Overall, the median gap between them was large: 0.95% of lap-time. Some fraction of this may have been attributable to Stewart’s perks as the number 1 driver. We can also see that the gap appreciably came down over time, sitting at a median gap of 0.34% in their final season together. This is still a sizeable gap in F1 terms, but evidence that Cevert had improved to touching distance.

If we project Cevert’s performances into the future, the model does not predict further improvement for Cevert. At age 29 and with four years of F1 experience, Cevert was already near peak performance. Cevert’s improvement from 1972 to 1973 is substantially bigger than would be predicted based on an incremental gain of experience, suggesting that he was also in relatively strong form in 1973. Cevert’s predicted average performance in 1974 and beyond is therefore a tad lower than his observed performance in 1973. However, note the bounds of uncertainty — in the best case scenario, he may have been among the season’s best-performing drivers in some future seasons.


For the sake of a hypothetical, we can reasonably assume that Cevert would have continued into the planned number 1 role at Tyrrell in 1974. I assume he would be racing in place of Jody Scheckter, alongside fellow Frenchman and previous Tyrrell driver, Patrick Depailler.

Scheckter put it in a superb performance in 1974 to almost challenge for the championship. In fact, the model rates this the best season performance of Scheckter’s career. While such a performance is within the uncertainty bounds of Cevert’s predicted performance, Cevert’s average predicted performance is lower than Scheckter’s in 1974. The model therefore sees Cevert as a likely race winner but not title contender in 1974.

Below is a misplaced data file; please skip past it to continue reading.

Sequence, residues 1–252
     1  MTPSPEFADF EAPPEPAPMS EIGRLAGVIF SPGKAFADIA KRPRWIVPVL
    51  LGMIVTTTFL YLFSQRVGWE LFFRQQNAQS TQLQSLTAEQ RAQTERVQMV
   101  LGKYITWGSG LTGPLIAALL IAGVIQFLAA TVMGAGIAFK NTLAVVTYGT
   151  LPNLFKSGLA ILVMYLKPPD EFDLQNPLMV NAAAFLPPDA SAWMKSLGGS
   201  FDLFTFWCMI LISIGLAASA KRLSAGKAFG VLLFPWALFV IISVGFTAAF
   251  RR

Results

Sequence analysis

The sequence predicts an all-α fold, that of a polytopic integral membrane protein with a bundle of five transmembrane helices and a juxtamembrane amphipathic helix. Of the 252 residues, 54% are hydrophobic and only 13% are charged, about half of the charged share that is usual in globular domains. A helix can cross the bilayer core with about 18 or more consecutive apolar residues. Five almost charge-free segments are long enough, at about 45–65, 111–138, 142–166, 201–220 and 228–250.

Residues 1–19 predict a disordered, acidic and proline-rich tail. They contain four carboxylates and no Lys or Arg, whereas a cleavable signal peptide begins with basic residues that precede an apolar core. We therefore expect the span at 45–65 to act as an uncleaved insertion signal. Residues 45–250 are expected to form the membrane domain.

cevert1974In 1975, Tyrrell took a major step backwards, falling to 5th in the constructors’ championship. Assuming he was still with the team, Cevert is predicted to score 19 points, similar to the 20 points that Scheckter actually scored.


Tyrrell rebounded in 1976 with the clever 6-wheeled P34, finishing top 3 in the constructors’ championship, the last time the team would ever achieve this.


Jody Scheckter driving the successful 6-wheeled Tyrrell P34 in 1976.

The model rates Cevert’s predicted performance similar to Scheckter’s in 1976, meaning he would likely have finished a distant 3rd in the championship, trailing the Hunt-Lauda battle.


In summary, Cevert would likely have been among the stronger drivers on the grid through the mid-1970s. Had he remained at Tyrrell he would have built significantly upon his single win, but it is unlikely that he would have won a title.


  1. Keep ’em coming!

    “Few can forget Alesi’s duel in the streets of Phoenix against Ayrton Senna in only his ninth grand prix.”
    -Like it happened with many drivers before and after, people forgot about the specifics of that situation and the hidden strength of his car and attributed it all to the driver.

    “Neither driver managed to win a race, and Prost convincingly outperformed Alesi, lowering Alesi’s perceived value in short order.”
    -Having recently watched the 1991 season I was surprised how far this is from the truth.
    It seems Alesi was much more competitive than what I’ve heard before. The end result was largely due to Prost finishing his best races and having issues at lesser important once, while the opposite was true for Alesi. It’s also difficult to imagine those two were on equal footing in the team. It seems Alesi was either aware he’s #2 or he had entirely way too much respect for Prost, unlike Leclerc has for Vettel now.